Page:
You say tomato and Justin Newcombe says beefsteak, San Marzano, Grosse Lisse and cherry.
It's that time of the year when everybody becomes an expert in the garden. It's tomato time.
Tomatoes are a touchstone for both would-be gardeners who don't know where to start and seasoned experts who have been honing their tomato regimes for decades. The fact is tomatoes are pretty easy to grow and I suppose that's why they are just so darn popular.
There are several main groups which fall into one of two categories, indeterminate varieties which are supposed to have their side shoots removed (although in gardening there are always exceptions to the rule) and determinate varieties which grow as a bush and can be left alone. Most varieties are indeterminate but if you didn't remove the side shoots the sun would still come up in the morning, and you'd probably have some pretty decent tomatoes to pick.
The tomatoes I love are the ovoid, plum shaped darlings like roma black, yellow or red and the sausage-like San Marzano - all good for sauce and oven drying as well as providing really big yields. We grow lots of the grosse lisse which is very popular in Australia. The big fruit are really reliable and our biggest one weighed in at 1.2kg which I thought was some sort of record; however I'm reliably informed that kind of size is quite common for this variety.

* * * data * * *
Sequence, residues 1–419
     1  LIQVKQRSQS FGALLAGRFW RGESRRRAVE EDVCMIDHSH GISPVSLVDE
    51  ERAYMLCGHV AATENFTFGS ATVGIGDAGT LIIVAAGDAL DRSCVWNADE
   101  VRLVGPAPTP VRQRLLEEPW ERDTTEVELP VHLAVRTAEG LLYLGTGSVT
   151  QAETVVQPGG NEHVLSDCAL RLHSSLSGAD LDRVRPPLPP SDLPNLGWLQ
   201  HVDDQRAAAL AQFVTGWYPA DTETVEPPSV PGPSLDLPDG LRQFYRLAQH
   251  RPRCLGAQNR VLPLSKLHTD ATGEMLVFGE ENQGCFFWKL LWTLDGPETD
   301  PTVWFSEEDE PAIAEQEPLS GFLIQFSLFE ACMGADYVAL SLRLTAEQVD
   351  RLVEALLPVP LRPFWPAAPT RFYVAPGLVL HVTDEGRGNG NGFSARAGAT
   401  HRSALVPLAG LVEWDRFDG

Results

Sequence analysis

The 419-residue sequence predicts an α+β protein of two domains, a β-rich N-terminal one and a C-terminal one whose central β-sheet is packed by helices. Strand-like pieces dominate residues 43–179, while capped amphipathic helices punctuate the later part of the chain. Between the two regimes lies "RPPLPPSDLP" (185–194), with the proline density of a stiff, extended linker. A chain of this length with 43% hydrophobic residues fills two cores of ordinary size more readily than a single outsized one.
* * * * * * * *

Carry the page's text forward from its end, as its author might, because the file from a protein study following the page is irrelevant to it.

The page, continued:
The beefsteak is the ultimate sandwich tom: each slice is big enough to cover a slice of bread, and don't forget about the humble cherry tomato - it will go and go all summer long. These come in a variety of colours including the black cherry which is the same colour as a tamarillo.
Besides selecting your favourite tomatoes to sow, the first thing that needs to be done is ground preparation. I select a spot by firstly making sure I haven't had tomatoes or any other member of the nightshade family in that particular spot for the last two to three seasons. This is not only an important way to combat nutrient deficiencies in the soil but also important for combating the dreaded blight.
Do a soil test. You can get a soil testing kit from Bunnings; you're aiming for a soil ph of about ph6.5. If it's higher than that work some sulphur into the soil; if it's lower, work in some lime. Once the beds are cleared and the soil has been tested, dig through some sheep pellets and, blood and bone and a little potash.
The next step is to install the stakes. I like to make them six foot and sturdy: this is important because once the plants have fruit on them it's a bit late to go back and re-stake them. Propagating tomatoes from seed gives you the opportunity to save your own seed from your best fruit which, over time, will give you a head start.
One of the main afflictions of tomatoes, especially in humid parts of New Zealand, is blight. To combat this depressing ailment, I mix a quarter cup of milk powder and a quarter cup of Epsom salts with a shovel-load of compost and place that around the rootball at planting time.
This is an old remedy, which requires a follow-up programme of a sprinkle of milk powder around each plant once every two weeks. For me it's a new way to fight blight but I'm told it works a treat. It's easy to see why tomatoes are so popular; they're colourful and sweet and more than good enough to eat.